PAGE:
Colors matter. The psychology of color in marketing has been a fashionable debate for decades. Forbes neatly summarizes the feelings evoked by various colors in this article. Besides evoking emotion, colors on your site affect readability. Aim for high contrast of colors (think, light font on a dark background) to aid users in the ease of reading your text. Overall, I agree with Help Scout writer Gregory Ciotti that color affects how we view a business/brand and shouldn’t be used haphazardly.
Images matter. Perhaps nothing in design can make or break user trust quite like images. Let’s face it, when given the choice between reading walls of text or looking at a picture—we all opt for the picture. In fact, Kissmetrics reveals that on average, captions under images are read 300% more than the body copy itself. A good picture will attract your reader, and once you have their attention they are very likely to read the caption. Whether your visuals are photos, videos, infographics, or whatev—the bottom line is that your readers expect to see them. Give them nothing but words to read, decipher, interpret, and you’ll not only disappoint them, but you will surely lose their trust, their attention, and ultimately their business.
People are already hard-wired to look for these features.
Add in Instagram and Pinterest and your audience is more visually driven than ever before.
Is all this hype about form just hype?
The research doesn’t lie. Most website content sucks.
Audiences really do glance around your stuff looking for specific features before they waste additional time.
In fact, 3M (yes, the tape guys) teamed with University of Minnesota researchers to explore how visuals affect persuasiveness.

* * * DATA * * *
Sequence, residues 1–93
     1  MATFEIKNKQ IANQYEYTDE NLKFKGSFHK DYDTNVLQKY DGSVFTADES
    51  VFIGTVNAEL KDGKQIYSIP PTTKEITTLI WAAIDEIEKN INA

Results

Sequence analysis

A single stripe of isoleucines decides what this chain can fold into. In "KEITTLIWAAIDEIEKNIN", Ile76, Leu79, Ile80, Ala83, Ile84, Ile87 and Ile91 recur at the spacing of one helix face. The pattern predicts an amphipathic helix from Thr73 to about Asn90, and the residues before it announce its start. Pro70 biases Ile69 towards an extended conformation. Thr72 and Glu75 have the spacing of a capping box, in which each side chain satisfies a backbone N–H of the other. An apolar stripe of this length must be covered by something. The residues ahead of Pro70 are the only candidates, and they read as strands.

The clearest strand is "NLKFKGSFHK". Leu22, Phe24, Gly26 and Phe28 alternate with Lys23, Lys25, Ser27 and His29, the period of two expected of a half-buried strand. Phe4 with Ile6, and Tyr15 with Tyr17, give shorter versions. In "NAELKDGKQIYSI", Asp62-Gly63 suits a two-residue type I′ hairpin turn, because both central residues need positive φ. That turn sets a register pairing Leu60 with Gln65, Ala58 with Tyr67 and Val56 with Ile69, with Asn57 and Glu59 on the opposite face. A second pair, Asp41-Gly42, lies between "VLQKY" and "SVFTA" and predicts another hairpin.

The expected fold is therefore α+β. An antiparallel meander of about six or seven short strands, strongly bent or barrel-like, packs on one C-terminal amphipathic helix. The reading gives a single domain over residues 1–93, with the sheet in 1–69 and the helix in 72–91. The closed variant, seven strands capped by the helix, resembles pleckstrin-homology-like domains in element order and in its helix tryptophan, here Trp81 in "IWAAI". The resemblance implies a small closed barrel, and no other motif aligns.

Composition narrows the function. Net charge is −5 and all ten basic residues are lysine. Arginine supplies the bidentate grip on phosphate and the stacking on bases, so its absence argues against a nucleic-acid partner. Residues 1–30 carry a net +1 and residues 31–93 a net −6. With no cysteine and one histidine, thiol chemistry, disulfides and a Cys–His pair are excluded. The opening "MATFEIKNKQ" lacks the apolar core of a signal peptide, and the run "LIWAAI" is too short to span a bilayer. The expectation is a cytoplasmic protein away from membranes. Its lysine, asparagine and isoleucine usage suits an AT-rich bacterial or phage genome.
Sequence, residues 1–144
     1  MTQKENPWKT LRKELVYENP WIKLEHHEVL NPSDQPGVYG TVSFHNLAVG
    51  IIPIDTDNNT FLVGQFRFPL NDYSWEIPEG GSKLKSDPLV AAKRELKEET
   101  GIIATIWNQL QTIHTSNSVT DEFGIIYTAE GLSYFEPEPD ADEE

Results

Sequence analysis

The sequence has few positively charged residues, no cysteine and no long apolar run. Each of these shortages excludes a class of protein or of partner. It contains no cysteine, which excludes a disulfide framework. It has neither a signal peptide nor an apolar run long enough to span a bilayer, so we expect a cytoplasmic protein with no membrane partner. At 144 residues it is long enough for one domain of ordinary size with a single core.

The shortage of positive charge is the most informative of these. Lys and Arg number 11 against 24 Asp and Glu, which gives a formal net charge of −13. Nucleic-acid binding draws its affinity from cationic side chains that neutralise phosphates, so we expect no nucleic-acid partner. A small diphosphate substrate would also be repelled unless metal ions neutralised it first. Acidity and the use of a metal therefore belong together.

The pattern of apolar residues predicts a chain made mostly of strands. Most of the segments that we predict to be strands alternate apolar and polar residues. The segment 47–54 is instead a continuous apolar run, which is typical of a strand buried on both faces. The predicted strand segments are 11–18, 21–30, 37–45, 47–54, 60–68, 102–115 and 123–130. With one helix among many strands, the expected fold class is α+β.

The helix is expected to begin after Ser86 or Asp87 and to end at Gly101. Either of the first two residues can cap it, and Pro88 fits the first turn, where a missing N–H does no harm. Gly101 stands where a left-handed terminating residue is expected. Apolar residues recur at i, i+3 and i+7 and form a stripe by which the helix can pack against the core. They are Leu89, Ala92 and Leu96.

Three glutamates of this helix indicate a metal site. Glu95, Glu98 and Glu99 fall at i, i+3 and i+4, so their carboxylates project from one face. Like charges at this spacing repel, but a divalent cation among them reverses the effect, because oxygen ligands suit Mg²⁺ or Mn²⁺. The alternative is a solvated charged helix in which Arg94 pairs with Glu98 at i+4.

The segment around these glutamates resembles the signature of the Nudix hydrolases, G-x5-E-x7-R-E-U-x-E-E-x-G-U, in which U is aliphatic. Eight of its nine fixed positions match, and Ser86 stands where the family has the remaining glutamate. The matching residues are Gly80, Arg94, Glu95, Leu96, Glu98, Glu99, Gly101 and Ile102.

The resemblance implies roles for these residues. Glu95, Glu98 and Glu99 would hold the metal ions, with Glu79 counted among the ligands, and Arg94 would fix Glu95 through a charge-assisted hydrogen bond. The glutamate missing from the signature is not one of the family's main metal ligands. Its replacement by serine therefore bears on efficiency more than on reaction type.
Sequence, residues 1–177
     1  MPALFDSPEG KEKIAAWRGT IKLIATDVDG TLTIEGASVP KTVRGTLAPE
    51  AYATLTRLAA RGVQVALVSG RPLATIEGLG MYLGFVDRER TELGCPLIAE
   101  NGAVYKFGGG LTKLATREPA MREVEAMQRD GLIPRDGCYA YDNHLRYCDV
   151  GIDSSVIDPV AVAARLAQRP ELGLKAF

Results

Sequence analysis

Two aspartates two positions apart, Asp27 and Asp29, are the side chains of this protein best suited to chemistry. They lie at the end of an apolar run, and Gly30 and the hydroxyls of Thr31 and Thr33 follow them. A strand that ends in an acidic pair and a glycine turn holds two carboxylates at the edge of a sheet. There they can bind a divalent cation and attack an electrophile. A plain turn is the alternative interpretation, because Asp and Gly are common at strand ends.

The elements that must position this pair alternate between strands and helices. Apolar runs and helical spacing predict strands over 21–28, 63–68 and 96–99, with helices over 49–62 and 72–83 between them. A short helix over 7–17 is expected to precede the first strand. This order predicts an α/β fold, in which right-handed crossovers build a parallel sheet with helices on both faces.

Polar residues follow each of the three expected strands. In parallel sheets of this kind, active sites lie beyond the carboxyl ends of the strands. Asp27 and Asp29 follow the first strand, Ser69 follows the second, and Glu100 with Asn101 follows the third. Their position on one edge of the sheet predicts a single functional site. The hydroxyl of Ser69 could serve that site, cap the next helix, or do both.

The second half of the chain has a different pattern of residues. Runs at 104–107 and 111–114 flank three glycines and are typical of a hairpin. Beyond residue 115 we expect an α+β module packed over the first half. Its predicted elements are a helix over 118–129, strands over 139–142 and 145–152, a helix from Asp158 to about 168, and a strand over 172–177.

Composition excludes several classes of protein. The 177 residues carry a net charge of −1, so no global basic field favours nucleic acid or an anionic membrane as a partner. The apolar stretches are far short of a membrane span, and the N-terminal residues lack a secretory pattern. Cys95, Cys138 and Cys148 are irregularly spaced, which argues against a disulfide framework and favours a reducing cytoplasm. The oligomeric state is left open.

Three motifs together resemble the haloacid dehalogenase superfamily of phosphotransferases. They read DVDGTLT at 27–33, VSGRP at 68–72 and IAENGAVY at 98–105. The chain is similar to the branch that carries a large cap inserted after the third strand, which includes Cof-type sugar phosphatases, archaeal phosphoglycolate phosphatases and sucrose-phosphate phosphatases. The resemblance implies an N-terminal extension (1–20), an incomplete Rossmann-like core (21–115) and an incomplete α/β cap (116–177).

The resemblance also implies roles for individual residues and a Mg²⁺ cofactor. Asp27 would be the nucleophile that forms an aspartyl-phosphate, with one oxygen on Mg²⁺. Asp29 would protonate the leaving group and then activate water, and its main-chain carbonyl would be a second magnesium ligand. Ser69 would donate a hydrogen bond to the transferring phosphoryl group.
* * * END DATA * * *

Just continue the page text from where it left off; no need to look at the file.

Not surprisingly, they found that presentations that used visual aids were 43% more persuasive than presentations without.
They also found that we process visuals 60,000 times faster than text.
Here is an example:
First impressions are 94% design related. Using eye-tracking software, Missouri University of Science and Technology researchers found that visuals (logo, main image, navigation bar, etc.) played the biggest role in influencing website visitors.
So, let’s just make our content pretty and forget about quality content? Nonsense.
Keep reading to learn sniff test point #2 to ensure you hook readers with quality content.
Sniff test part #2: She’s pretty but is she smart?
Just like the saying about putting lipstick on a pig…modern audiences aren’t fooled long by pretty design alone.
Customers are looking for the complete package.
#a pretty head(line)
So how do we create quality content while being mindful of the repugnant “wall of text”??
Did you know that 8 out of 10 people will read headline copy…
but only 2 out of 10 will read the rest?
There’s a learnable craft to writing headlines, so don’t worry if you’re not a word nerd like me.
Follow influencer Neil Patel’s formula for: how to write a stunning headline.
Turn window shoppers into paying customers by creating content that answers their questions.
Anticipate their questions.
This is key to making customer converts.
#make it effortless
While you answer their questions, make sure your content is easy to read.
Make it effortless.
Sure, you want to make sure your grammar and syntax would make your high school English teacher proud.
But more importantly, your content needs to be easily understood by newbies to your site.